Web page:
Germany's Merkel calls for G8 fight against tax havens

DEMMIN, Germany Wed Feb 13, 2013 7:47pm GMT

File photo of German Chancellor Angela Merkel delivering a speech at a conference of the leadership of the German armed forces, the Bundeswehr, in Strausberg near Berlin, October 22, 2012. REUTERS/Thomas Peter/Files

File photo of German Chancellor Angela Merkel delivering a speech at a conference of the leadership of the German armed forces, the Bundeswehr, in Strausberg near Berlin, October 22, 2012.

Credit: Reuters/Thomas Peter/Files

Related Topics

DEMMIN, Germany (Reuters) - Chancellor Angela Merkel took aim on Wednesday at multinational corporations that use tax rules in Europe and the United States to avoid payments and said the Group of Eight plans to fight tax havens.

"It's not right that giant global companies have huge sales here (in Germany), in all of Europe, in the United States and elsewhere and then only pay taxes somewhere in a tiny tax haven," Merkel said in a speech in the northern town of Demmin.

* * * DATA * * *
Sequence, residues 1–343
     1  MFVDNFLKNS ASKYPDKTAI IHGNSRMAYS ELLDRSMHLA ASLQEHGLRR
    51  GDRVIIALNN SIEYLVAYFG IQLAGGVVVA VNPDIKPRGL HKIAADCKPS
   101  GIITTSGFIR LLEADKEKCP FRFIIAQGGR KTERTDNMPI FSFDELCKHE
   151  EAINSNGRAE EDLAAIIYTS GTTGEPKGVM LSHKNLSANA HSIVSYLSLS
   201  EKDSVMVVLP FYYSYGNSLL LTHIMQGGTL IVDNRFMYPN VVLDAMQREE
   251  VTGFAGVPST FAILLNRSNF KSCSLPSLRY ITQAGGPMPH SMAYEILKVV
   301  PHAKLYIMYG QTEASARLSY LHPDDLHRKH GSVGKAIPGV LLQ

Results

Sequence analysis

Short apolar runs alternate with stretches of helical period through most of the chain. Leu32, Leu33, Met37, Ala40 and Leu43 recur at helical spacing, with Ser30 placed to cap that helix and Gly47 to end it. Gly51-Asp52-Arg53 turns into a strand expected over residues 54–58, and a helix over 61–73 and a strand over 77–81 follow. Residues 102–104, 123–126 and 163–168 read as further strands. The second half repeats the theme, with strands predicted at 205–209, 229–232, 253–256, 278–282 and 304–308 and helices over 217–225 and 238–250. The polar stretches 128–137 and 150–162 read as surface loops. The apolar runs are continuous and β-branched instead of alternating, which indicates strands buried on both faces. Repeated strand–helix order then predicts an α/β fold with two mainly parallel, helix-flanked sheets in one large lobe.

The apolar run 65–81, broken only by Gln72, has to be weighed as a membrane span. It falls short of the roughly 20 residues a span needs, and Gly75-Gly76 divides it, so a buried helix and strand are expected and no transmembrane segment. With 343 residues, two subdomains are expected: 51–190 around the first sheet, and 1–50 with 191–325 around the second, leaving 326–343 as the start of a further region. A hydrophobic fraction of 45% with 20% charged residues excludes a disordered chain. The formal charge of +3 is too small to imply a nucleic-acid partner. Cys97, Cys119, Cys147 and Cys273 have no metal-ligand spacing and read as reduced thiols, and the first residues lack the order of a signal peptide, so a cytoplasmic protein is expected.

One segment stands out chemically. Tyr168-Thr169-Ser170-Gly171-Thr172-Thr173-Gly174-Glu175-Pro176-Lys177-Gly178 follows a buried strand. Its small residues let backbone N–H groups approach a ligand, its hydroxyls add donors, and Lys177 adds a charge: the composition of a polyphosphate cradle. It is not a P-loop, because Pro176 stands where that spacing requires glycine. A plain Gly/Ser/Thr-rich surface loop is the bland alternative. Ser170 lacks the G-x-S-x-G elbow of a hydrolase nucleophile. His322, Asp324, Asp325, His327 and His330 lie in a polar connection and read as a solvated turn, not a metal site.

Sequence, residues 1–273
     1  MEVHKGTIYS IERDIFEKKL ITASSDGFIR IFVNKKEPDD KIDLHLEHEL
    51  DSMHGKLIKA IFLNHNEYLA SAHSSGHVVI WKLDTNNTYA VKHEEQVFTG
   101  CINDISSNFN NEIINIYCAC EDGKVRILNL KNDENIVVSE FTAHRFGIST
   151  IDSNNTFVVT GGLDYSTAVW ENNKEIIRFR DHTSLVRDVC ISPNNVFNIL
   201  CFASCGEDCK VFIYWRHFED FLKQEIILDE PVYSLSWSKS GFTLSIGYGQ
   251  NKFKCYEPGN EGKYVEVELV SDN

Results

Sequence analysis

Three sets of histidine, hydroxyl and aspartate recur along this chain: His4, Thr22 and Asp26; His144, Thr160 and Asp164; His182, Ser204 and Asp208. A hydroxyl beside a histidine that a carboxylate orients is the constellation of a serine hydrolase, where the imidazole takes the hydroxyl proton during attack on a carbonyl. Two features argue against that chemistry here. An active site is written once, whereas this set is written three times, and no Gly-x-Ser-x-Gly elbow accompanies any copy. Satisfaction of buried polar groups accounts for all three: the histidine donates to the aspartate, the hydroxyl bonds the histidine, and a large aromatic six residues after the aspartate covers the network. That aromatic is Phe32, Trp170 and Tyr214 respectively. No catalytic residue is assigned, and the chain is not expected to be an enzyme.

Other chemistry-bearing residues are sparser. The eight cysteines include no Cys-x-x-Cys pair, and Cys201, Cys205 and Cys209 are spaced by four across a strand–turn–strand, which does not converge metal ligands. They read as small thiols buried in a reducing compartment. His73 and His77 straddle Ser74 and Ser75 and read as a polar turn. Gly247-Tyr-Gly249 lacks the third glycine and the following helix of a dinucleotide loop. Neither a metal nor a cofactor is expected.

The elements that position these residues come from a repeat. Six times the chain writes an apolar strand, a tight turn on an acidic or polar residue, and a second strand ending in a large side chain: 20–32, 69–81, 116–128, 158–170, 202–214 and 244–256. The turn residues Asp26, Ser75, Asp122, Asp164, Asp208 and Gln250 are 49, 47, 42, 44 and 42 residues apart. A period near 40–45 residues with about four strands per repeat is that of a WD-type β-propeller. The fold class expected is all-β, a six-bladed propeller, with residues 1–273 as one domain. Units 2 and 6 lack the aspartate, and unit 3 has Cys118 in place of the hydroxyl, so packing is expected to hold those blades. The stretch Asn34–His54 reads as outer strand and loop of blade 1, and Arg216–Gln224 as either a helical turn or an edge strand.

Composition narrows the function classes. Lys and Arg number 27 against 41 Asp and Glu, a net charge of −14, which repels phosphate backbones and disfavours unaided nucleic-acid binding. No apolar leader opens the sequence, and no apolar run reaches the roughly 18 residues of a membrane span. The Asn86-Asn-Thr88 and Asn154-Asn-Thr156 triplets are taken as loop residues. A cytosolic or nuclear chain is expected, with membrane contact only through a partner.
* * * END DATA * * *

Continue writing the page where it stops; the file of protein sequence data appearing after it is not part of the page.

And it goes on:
"That's why we're going to fight to finally put an end to tax havens at the G8 meeting this year in Great Britain," she said. "The whole world will have to fight for it otherwise we won't accomplish that."

Merkel was speaking before a meeting of finance ministers and central bankers from the Group of 20 developed and emerging economies in Moscow.

On Tuesday the Paris-based Organisation for Economic Cooperation and Development called for an urgent overhaul of international corporate tax rules to stop big companies escaping payment of billions of euros to cash-strapped governments.

Governments face a growing outcry from voters to force big companies with extensive international business to pay more tax after evidence that many use differences between national tax rules to reduce their bill.

The OECD said multinational companies were increasingly reporting profits in countries other than where their main revenues were generated to avoid taxes.

OECD governments have trimmed their statutory corporate income tax rates to an average of 25.4 percent in 2011 from 32.6 percent in 2000.

(Reporting by Erik Kirschbaum; Editing by Ruth Pitchford)

FILED UNDER:
Comments (0)
This discussion is now closed. We welcome comments on our articles for a limited period after their publication.